This interview with psychologist Daniel Goleman looks at his remarkable achievements and gives an insight into his thoughts and opinions on emotional intelligence.


To say Daniel Goleman is a high achiever in his field is no overstatement. Goleman is an internationally known psychologist and science journalist who previously had reported on the brain and behavioural sciences for The New York Times.

Goleman’s 1995 book, Emotional Intelligence (EI) was on The New York Times bestseller list for a year-and-a-half, with more than five million copies printed. 

Emotional Intelligence was named one of the 25 “Most Influential Business Management Books” by TIME Magazine. 

The Harvard Business Review chose Goleman’s article What Makes a Leader as one of ten ‘must-read’ articles from its pages. 

Goleman has ventured even further, writing books on self-deception, creativity, meditation and the ecological crisis. 

The Financial Times, Wall Street Journal and Accenture Institute for Strategic Change have listed Goleman among the most influential business thinkers.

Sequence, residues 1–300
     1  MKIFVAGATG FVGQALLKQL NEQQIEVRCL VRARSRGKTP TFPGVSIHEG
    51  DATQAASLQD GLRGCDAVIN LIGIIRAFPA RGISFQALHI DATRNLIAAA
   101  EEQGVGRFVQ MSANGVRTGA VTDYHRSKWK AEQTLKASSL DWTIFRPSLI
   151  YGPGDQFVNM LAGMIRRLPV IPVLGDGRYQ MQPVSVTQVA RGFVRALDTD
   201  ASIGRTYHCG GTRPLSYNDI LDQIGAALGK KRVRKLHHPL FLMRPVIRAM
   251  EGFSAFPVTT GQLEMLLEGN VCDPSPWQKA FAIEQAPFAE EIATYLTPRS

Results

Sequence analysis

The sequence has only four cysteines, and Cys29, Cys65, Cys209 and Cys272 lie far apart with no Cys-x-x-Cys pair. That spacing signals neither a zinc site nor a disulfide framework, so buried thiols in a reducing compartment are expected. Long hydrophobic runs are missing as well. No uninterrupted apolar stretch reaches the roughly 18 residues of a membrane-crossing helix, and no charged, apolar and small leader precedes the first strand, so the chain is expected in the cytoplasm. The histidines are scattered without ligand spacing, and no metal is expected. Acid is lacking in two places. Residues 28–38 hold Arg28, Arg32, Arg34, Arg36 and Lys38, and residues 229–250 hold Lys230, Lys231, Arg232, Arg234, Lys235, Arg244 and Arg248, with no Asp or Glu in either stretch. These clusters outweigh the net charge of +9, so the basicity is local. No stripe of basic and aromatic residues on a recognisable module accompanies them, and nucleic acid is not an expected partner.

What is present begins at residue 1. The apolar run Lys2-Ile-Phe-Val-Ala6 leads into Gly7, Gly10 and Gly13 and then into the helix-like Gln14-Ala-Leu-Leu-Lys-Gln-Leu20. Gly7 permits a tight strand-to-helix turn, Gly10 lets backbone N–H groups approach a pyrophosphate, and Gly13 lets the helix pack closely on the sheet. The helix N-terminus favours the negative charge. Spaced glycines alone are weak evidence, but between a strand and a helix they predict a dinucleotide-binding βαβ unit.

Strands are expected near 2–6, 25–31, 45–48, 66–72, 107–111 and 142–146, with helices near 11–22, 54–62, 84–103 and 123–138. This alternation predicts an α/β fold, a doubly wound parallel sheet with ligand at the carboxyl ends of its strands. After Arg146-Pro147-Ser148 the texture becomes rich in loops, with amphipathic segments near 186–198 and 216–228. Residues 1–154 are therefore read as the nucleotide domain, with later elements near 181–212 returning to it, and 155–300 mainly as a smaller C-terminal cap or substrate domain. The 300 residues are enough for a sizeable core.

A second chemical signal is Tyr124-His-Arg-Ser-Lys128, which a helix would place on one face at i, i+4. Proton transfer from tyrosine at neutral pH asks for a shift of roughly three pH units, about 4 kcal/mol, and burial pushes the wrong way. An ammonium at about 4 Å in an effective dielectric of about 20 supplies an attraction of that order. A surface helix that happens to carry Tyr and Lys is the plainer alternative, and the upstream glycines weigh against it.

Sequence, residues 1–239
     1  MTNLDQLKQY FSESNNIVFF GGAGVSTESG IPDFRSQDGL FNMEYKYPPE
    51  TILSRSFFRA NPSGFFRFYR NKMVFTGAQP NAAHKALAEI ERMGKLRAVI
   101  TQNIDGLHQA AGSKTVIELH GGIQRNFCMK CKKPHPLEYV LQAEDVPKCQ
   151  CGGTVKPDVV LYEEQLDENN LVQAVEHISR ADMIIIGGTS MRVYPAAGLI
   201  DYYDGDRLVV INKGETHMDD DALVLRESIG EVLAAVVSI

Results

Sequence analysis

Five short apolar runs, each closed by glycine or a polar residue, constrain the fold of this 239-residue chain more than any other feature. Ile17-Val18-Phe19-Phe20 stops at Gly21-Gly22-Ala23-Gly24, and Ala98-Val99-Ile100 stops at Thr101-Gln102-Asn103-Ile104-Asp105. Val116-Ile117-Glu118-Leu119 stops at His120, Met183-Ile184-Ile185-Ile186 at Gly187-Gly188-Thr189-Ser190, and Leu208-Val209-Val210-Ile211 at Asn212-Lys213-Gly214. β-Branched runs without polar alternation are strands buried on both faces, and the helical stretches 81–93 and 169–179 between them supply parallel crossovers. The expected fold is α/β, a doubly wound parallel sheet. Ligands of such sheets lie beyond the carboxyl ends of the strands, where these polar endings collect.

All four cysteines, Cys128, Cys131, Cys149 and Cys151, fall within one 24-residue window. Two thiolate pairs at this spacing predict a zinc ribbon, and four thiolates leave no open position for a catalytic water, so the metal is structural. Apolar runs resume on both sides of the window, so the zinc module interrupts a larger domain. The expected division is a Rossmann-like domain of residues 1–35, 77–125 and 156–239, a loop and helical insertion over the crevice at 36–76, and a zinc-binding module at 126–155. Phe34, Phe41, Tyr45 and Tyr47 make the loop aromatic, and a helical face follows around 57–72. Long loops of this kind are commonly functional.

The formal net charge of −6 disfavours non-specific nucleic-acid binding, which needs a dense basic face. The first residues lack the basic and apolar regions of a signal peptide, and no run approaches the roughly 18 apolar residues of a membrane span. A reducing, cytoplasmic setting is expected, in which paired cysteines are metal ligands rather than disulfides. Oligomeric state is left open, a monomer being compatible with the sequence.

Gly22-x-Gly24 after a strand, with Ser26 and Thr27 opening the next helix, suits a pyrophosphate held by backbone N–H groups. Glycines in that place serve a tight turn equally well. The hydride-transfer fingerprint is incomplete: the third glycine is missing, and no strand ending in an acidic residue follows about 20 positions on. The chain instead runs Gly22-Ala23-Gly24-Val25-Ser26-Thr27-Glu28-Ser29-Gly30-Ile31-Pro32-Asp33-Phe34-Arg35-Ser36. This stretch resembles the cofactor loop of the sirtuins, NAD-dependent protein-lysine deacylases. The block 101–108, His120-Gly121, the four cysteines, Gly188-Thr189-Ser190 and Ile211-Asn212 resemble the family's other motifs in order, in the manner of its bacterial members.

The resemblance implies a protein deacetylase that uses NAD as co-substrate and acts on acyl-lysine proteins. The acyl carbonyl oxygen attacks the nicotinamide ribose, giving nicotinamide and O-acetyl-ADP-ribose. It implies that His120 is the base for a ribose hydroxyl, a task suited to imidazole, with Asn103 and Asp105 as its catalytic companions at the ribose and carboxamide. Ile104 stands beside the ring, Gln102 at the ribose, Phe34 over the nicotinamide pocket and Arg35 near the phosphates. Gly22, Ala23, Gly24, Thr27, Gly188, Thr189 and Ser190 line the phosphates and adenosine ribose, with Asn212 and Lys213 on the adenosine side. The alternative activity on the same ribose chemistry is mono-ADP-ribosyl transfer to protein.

In a recent interview with Vikas Shah, Goleman spoke about the purpose of emotions, the importance of EI and why leaders need to understand emotions & emotional Intelligence. He made the following statements:

Emotions are the brain’s way of making us pay attention immediately to what is most important so that we can react as quickly as possible (an evolutionary survival tactic).

EI can be broken down into four areas:


Having the capacity to manage emotions.

Recognising emotions in other people.

Managing relationships effectively with those around you.

In this interview Goleman also discusses other matters, including whether EI can be taught; and the power of meditation and mindfulness in the modern business setting.


Dec 2020 HBR What People (Still) Get Wrong About Emotional Intelligence

Dec 2020 Forbes Emotional Intelligence: Why We Need It Now, More Than Ever

Apr 2021 The New Yorker The Repressive Politics of Emotional Intelligence

Jun 2021 NIT Expanding our emotional intelligence